You know about the suppressed transmission, of course? No? Oh, well.
Consider the following list:
- Hollow History
- Emperor Norton
- Airship sightings
- Spring Heeled Jack
- Le Comte de Saint-Germain
- The Tempest
- Alternate Earths
- The King of Cats
- The Lamina
- Captain Heinlein of the US Spaceforces
What do they all have in common?
They are part of the Suppressed Transmissions.
Suppressed Transmission was a weekly column by Kenneth Hite that ran in the online version of Pyramid Magazine for 300 columns. It covered a range of topics that Hite described in the first column as conspiracy, horror, secret history, and alternate history. Covering a wide variety of topics he mixed references to legend or odd facts with gaming interpretations in most columns. While there were plenty of references to GURPS, given the source, there wasn’t really any game specific materials. Some of his departures from the standard format were campaign reports on two different Unknown Armies campaigns, an annual analysis (in the aforementioned areas) of a Shakespeare play, and a couple of worked examples of applying the materials to a game.
While collecting weird has been something I’ve always done it was the Suppressed Transmissions that got me involving it in my gaming. At this point that usage has become a hallmark of my style. Much of the World After is directly influenced by material from columns and much of the rest is influenced by the style Ken Hite brought out in the columns.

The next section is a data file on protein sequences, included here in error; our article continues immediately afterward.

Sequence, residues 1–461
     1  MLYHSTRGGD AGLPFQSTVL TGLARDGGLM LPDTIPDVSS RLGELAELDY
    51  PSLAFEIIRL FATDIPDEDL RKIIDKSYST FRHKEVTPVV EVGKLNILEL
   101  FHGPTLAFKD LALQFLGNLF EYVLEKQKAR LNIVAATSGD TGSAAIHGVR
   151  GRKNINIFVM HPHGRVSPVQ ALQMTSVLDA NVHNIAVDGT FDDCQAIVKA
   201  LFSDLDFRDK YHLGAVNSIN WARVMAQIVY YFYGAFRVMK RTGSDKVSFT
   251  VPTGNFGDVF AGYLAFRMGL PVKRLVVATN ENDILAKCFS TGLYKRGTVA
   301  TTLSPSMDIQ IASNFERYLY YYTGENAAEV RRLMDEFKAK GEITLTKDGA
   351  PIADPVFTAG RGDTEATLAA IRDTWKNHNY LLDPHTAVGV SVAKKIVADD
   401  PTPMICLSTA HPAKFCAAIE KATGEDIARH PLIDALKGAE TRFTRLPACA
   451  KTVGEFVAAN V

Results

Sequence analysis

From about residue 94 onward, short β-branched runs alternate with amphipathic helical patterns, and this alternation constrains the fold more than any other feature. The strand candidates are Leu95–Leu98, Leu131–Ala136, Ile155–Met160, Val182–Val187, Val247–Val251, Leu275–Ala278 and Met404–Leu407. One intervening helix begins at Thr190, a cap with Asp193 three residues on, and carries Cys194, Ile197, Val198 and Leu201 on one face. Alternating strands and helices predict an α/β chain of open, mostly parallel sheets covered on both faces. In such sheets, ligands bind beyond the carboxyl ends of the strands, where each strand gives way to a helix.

Sadly, with the end of Pyramid Online access to the columns in no longer available. Those of us who still had subscriptions were able to download all the content although even then some Suppressed Transmissions are missing. Steve Jackson Games did produce two volumes collecting some columns. These volumes are excellent with extensive footnoting and cross referencing of the columns. Sadly, these volumes are still available in physical format. I say sadly because their poor sales have kept SJG from investing the time and effort needed to get more of the columns collected. There has been a Where I Read series of posts about them on RPG.net by someone who saved each column as it was written. One expressed purpose behind the series is to get the books sold out and the PDF version selling high enough to warrant more being done. Given the love of conspiracy porn these days I’m not sure a better effort isn’t getting the books read outside of the gaming community.